Below are some highlights and mentions in the press:
David Molina (ret. Captain U.S. Army) is Founder of Operation Code and self-taught writing the first line of code to petition Congress to expand the New GI Bill to include coding schools, a benefit he couldn’t use after exiting after 12 years in uniform. An entrepreneur, David has built numerous startups, has testified before members of Congress to expand technical education for veterans and spouses, and as a former captain in the Army was recipient of the Lt. Rowan Award, Meritorious Service Medal and Army Commendation Medal.
Operation Code Interviews with Vets in Tech: David Molina — Jan 15, 2019
Ep. 002 - David Molina is the founder of Operation Code. In this interview, he describes his Army career, how he found his way into the tech industry with no prior training, and how he started Operation Code to help veterans like him learn software and code the future.
When you hear the word entrepreneurship, it is natural to think of venture capitalists, unicorn companies, and startup founders driven to make a profit above all else. With that in mind, you might call Operation Code an unconventional tech startup and David Molina an unconventional entrepreneur. But he and his company’s impact is reaching as far as any of the tech companies turning out billions. And their purpose is far greater as well.
Oregon Veterans News Magazine: Code Warriors [PDF Download] — Nov 17, 2017
“Coding is the new literacy of the 21st century,” Molina says. “The blue collar jobs used to be laying pipe and wire and building the infrastructure of the country; now, it’s connecting the wires and plumbing of the internet.”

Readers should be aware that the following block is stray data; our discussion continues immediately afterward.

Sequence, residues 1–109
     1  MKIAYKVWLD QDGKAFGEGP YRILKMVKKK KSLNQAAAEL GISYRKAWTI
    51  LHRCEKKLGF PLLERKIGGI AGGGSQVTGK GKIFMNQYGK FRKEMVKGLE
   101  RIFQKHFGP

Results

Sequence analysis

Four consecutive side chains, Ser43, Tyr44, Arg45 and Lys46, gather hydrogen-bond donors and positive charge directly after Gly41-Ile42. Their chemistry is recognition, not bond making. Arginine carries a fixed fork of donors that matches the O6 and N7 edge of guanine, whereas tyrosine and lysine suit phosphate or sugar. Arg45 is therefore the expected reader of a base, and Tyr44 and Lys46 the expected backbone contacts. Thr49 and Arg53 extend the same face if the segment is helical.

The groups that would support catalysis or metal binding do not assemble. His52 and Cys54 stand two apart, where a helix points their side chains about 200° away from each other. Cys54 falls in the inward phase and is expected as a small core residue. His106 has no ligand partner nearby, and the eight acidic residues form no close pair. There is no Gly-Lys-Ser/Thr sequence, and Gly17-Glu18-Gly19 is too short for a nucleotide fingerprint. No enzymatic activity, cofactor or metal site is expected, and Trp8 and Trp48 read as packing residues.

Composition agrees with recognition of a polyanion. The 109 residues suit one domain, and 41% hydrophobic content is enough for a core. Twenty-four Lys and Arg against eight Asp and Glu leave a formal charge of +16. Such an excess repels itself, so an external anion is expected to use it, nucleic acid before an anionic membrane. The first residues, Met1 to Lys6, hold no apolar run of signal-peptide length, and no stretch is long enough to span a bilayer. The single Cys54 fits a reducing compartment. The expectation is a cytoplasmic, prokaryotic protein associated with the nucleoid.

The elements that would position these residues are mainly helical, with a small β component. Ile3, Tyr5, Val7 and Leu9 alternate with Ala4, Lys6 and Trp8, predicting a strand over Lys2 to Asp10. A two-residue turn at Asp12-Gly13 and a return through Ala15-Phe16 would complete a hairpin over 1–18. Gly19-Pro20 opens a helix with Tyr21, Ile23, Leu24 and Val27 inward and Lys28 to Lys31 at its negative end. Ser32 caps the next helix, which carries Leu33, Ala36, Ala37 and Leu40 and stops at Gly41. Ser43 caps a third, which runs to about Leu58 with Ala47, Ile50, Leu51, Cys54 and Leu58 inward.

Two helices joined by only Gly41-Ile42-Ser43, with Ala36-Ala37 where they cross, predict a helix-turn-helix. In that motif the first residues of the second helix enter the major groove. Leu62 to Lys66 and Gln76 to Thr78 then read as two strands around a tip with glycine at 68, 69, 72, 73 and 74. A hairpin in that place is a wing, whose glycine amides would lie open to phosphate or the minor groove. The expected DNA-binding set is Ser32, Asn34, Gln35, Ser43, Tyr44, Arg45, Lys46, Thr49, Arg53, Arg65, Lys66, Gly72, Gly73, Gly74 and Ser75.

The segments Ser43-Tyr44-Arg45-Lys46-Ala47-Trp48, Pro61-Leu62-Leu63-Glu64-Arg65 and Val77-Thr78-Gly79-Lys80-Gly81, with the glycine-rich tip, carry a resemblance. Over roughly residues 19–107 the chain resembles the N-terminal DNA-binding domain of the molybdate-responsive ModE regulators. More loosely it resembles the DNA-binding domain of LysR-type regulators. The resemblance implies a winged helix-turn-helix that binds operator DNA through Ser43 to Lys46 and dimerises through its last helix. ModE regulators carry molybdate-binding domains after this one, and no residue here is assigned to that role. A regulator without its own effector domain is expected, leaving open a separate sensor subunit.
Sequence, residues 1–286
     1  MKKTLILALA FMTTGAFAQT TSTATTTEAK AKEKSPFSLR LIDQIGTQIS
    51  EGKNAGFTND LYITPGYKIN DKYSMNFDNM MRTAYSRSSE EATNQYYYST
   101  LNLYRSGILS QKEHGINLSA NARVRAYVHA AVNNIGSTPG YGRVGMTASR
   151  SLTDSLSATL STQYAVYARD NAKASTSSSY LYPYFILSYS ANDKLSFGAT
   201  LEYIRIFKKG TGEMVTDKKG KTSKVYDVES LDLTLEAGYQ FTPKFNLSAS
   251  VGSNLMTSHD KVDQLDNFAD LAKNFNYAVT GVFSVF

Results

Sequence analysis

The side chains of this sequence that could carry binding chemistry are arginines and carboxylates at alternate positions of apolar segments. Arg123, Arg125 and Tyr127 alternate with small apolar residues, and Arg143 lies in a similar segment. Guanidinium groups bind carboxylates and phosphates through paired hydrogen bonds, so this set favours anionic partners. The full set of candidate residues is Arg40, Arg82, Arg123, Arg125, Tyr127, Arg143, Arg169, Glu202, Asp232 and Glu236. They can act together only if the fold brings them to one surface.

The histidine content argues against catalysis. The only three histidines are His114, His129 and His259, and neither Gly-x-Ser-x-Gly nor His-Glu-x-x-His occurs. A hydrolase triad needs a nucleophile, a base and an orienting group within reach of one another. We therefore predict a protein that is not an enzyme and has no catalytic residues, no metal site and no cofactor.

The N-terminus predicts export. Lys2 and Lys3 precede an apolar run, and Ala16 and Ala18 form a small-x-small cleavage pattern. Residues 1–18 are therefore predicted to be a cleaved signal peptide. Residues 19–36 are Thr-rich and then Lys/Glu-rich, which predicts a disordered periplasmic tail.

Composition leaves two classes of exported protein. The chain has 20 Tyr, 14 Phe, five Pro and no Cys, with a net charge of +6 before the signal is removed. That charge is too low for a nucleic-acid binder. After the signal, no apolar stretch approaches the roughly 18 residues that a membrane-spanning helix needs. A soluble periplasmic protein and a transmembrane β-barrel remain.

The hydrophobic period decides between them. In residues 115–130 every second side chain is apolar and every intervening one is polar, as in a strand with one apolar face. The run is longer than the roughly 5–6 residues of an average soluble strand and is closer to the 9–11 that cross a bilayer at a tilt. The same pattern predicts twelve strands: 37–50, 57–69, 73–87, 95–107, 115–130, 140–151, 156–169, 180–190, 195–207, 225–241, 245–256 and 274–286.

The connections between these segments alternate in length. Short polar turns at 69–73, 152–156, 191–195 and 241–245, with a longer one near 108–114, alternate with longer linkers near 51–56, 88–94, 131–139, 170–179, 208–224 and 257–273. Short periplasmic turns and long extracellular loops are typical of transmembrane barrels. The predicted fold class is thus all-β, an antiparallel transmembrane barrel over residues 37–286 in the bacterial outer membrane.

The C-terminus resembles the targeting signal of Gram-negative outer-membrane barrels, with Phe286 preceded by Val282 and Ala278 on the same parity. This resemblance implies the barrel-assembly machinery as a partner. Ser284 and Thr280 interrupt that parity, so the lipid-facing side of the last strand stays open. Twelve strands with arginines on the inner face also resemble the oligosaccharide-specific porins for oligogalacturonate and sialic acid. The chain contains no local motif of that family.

Operation Code: Connecting Veterans with Code Skills — July 3, 2017
Operation Code started when its founder, former Army Captain David Molina, realized he couldn’t apply his New GI Bill to go to a code school. Though military veterans can use their GI bills for college and vocational schools, it’s very difficult to apply this funding to code schools. Molina was troubled to find that technical education was so difficult for veterans to access, and that they weren’t pursuing technical skills due to a combination of limited exposure, lack of funds, and misconceptions about what credentials are needed. So he started working on a way to change that.
Sabio Stories — June 16, 2017
Operation Code Founder and Sabio friend and partner Dave Molina talks to us about transitioning into coding from Army life, the work he’s done to create more opportunities for veterans to code, and why he loves working with Sabio.
The Denver Post — June 7, 2017
A national effort to help veterans switch from military service to the entrepreneurial world has made its start in Denver. Veterans and family members, pursuing a variety of ventures, have begun gathering in a community office space near Union Station. An Air Force veteran is running a shoe company in which she sells sandals made of recycled tires, while a Marine runs a consulting agency to get veterans into the programming and coding industry.
USA Today: — May 30, 2017
The nation’s best jobs boast salaries that average $100,000 and up, offer generous company benefits, and promise to have recruiting suitors fighting for your hand. But they are highly technical roles carrying job descriptions like DevOps engineer and analytics manager that demand an alphabet soup of computer skills as well as incessant on-the-job learning. So do you have to be a math genius with a spare PhD in physics to get one of these great gigs? What we found might surprise you.